Support of brand causes: Engagement with social or environmental campaigns your brand supports indicates whether your audience aligns with your stances. Trusting your brand’s guidance on civic participation signals you’ve built a relationship that goes beyond business.
New product revenue: Track performance of new products carefully to understand the impact of your brand equity on the bottom line. Pre-orders and waiting list signups from your existing audience indicate trust that your brand will deliver on promises.
05. Competitive Metrics
Competitive metrics help identify areas in which you’re outperforming other companies in your category as well as gaps in competitor offerings that represent opportunities for your brand. You can track what’s working well in your own campaigns while monitoring competitors’ activities to understand what resonates with your audience. Here are some metrics that’ll help you figure out how you measure up:
Market share: Understand the total potential market for your brand and identify which competitors are vying to capture the same audience. Use tools such as customer surveys to understand which other brands are on buyers’ minds, compare sales figures (if accessible) and track media coverage or online buzz.
Marketing activities: Depending on what information is publicly available, you may be able to compare return on investment on marketing channels. Use tools to track trending search terms and hashtag campaigns.
Price premium: If you successfully offer items at higher prices compared with other companies in the category, that premium can be an indicator of strong brand equity.
So, how can you build brand equity?
Rome wasn’t built in a day, and your brand equity won’t grow instantly either. Building brand equity is a process that requires time and consistency. Start with the basics of building your brand from scratch and grow from there through marketing efforts and investments in the customer experience.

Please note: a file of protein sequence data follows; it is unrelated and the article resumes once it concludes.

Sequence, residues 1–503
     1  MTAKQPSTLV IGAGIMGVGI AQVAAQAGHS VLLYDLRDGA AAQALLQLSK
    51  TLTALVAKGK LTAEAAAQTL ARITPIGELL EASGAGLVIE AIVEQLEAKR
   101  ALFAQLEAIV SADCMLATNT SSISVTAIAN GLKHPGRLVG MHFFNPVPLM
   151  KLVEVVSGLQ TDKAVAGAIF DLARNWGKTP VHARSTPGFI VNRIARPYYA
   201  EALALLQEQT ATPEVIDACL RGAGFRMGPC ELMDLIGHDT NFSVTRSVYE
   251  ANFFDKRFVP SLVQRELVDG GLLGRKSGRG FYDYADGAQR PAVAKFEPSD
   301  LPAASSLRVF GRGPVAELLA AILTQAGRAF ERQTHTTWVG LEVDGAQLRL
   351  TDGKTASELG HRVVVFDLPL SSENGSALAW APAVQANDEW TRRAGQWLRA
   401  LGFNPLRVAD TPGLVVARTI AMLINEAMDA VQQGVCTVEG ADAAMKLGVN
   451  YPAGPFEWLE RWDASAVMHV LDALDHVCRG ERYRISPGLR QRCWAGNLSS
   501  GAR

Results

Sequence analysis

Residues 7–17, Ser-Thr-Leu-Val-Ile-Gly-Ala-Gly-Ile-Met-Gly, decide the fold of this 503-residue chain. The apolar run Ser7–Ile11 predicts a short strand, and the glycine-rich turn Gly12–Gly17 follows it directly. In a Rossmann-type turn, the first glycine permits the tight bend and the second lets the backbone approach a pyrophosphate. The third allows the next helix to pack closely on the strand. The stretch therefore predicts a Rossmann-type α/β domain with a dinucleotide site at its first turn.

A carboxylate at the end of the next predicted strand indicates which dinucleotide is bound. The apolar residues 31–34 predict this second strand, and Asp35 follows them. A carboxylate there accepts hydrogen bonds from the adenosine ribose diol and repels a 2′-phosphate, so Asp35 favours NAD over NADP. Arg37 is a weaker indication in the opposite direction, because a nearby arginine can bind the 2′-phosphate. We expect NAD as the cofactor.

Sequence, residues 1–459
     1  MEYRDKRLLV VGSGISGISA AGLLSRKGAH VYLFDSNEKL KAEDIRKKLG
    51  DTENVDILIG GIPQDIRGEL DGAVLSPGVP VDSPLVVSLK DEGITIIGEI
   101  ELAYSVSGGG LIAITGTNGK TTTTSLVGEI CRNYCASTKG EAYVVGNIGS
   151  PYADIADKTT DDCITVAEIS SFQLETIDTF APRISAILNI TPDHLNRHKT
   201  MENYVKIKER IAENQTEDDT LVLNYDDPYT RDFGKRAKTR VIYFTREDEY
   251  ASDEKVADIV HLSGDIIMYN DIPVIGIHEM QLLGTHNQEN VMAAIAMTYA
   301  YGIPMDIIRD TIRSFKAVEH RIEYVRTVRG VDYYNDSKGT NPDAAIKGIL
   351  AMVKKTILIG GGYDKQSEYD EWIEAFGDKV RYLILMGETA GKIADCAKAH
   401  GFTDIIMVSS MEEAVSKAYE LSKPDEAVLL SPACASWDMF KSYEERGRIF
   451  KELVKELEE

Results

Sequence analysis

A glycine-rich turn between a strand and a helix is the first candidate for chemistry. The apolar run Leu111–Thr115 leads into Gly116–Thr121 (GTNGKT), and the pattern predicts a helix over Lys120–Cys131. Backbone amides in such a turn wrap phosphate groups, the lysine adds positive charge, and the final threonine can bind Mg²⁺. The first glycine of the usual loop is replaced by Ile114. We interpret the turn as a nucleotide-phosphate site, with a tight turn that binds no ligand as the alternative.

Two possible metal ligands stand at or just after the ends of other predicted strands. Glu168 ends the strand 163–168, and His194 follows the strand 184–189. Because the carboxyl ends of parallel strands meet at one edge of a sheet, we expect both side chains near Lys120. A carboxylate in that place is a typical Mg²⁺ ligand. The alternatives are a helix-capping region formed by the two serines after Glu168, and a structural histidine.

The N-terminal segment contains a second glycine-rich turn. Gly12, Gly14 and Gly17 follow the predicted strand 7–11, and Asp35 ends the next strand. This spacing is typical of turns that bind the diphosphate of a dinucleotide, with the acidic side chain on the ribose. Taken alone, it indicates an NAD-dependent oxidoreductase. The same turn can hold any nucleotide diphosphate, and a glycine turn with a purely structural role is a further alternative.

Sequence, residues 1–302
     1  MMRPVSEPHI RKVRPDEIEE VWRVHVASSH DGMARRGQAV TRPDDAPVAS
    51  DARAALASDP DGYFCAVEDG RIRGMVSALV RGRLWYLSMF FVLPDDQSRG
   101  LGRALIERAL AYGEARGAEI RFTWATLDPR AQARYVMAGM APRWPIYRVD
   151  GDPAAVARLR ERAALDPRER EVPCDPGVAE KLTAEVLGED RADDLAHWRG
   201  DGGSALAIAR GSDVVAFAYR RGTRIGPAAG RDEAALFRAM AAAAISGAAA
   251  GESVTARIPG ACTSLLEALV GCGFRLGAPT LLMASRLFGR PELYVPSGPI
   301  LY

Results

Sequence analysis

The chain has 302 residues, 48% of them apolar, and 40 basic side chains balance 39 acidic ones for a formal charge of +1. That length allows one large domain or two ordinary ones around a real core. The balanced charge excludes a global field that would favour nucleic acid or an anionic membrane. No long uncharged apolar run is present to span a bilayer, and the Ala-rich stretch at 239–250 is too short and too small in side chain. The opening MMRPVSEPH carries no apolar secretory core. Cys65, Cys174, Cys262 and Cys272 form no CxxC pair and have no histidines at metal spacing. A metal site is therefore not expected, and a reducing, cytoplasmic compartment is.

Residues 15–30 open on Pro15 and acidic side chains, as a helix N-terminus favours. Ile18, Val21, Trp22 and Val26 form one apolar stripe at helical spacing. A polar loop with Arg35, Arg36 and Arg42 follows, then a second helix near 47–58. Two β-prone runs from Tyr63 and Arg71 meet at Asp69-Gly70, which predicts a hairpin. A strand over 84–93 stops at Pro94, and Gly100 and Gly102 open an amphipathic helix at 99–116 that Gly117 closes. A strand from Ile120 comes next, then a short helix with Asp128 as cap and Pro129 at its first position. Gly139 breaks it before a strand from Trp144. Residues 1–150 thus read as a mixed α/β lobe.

Whether you’re just starting to build brand equity or want to strengthen your position, focus on these priorities.
Embody an authentic mission
Customers will be more loyal to a company that has a reason for existing beyond selling products. By positioning your brand as a solution to a problem or challenge, you elevate your purpose and forge a connection with customers who can identify with the need you address.
“One of my favorite examples of this is TOMS,” says Aaronsohn. “TOMS wasn’t simply built to sell shoes, but to promote a good cause. Their ‘One for One’ model demonstrates that the company is ready to put their money where their mouth is—and to date, they’ve successfully donated more than 100 million pairs of shoes with the help of their customers. TOMS’ mission is just as well known as their products.”
These days, customers increasingly expect brands to take stands; 63% say they buy or recommend brands based on their values, according to Edelman. However, for a stance to be credible, it needs to align with your true beliefs, and be reflected in both your products and company initiatives.
Patagonia is another well-known leader in cause marketing. The company’s products are geared towards surfers, climbers and people who are environmentally conscious. In alignment with its audience and its founding ethos, Patagonia has boldly fought to protect a national monument, promoted the reuse and refurbishment of their products and pledged all of its profits to fighting climate change. Patagonia’s brand identity inspires loyalty from fully 73% of customers, Statista calculated.
Create cohesive messaging